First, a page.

Antibodies. Currently, a variety of monoclonal antibodies are commonly utilized to downregulate CD25 Lymphocytes clonal expansion 8. Basiliximab and daclizumab are two anti-IL-2Rα mAbs that have already completed phase 3 trials for preventing acute rejection in renal transplants. Daclizumab is a humanized immunoglobulin mAb, while basiliximab is a chimeric antibody. They both block IL-2Ra by competitive antagonism, thereby inhibiting the high-affinity receptor-mediated signaling while leaving unchanged IL-2 signaling by the intermediate-affinity B and Y receptors 9 10.

 
Aptamers. These novel molecules are similar to antibodies when comparing their recognition capabilities in both affinity and specificity, yet these single-stranded DNA or RNA molecules elicit a much lower immunogenic response, are less toxic, and are cheaper to produce. So far, aptamer has been produced against a wide range of target molecules, including proteins or even cells, where they can act as either stimulating or inhibiting ligands 11. Shahdordizadeh et al. reported, for the first time, the development of a synthetic anti-human Interleukin-2 receptor alpha (CD25) DNA aptamer (Apt51) and its functionality as a CD25 inhibitor. This study, along with the fact that aptamers have a more efficient tissue penetration, showcases and forecast the possibility of using aptamers as more efficient alternative to antibodies on IL-2 based clinical therapies 10.

Mutagenesis. By introducing a particular set of mutations along the binding interface of IL-2 with the alpha subunit it is possible to disrupt their interaction. This new IL-2 mutein can, therefore, cause a decrease in CD25+ cells while still expanding CD8+ and Natural Killer cells 12. A highly efficient strategy for creating this new muteins is through the recently awarded Novel Prize technique, Phage Display. Using this technique, it is possible to create enormous and diverse IL-2 mutein libraries that can, later on, be used as a selection method based on the desire ligand-receptor affinity 13. There other several techniques used for the creation of new ligand mutants like protein-protein docking bioinformatics; or for creating different sets of libraries like MutS bacterial strains or error-prone PCR 14,15.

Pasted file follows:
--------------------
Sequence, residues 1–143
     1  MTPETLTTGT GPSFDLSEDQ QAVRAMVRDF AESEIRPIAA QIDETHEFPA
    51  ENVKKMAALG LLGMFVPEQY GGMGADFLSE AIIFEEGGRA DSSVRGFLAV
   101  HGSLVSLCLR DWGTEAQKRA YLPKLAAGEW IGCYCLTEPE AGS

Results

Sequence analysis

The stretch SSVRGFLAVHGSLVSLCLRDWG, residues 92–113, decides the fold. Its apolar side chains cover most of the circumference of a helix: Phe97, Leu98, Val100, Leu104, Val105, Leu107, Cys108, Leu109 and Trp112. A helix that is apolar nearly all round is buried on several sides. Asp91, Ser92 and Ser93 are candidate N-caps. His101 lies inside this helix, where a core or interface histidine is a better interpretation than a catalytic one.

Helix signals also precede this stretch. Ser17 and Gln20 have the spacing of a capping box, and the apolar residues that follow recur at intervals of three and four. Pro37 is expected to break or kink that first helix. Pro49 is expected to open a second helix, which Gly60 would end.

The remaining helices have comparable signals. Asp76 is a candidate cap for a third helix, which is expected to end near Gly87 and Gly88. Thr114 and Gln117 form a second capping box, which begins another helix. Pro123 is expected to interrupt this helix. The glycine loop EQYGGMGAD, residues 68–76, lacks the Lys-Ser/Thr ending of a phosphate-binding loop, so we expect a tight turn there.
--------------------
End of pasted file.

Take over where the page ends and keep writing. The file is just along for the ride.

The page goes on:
CANCER
 
The immune system can recognize and destroy cancer cells or inhibit tumor growth by eliciting responses from both the innate and adaptive immunity. Innate immune responses are not based antigen specificity and tend to develop relatively quickly. On the other hand, responses elicited by the adaptive immune system are antigen-specific and develop more slowly. The adaptive response is mediated by both T (cellular response) and B cells (humoral response), providing the organism not only with a “fighting” mechanism but with an immune memory as well. Therefore, the rationale thinking in immune therapies against cancer is to enhance or utilize the adaptive response since it will be the one to provide a stronger and durable response 16.
 
Cancer cells massive ability for proliferating is, in one way, due to the absence of an antitumor immune response. The tumor itself can produce a subset of chemical agents that will actively affect several biological pathways, inducing, at last, a lower immune response. This is why immunotherapies currently represent one of the most efficient and promising strategies against cancer when compared to chemotherapy 17.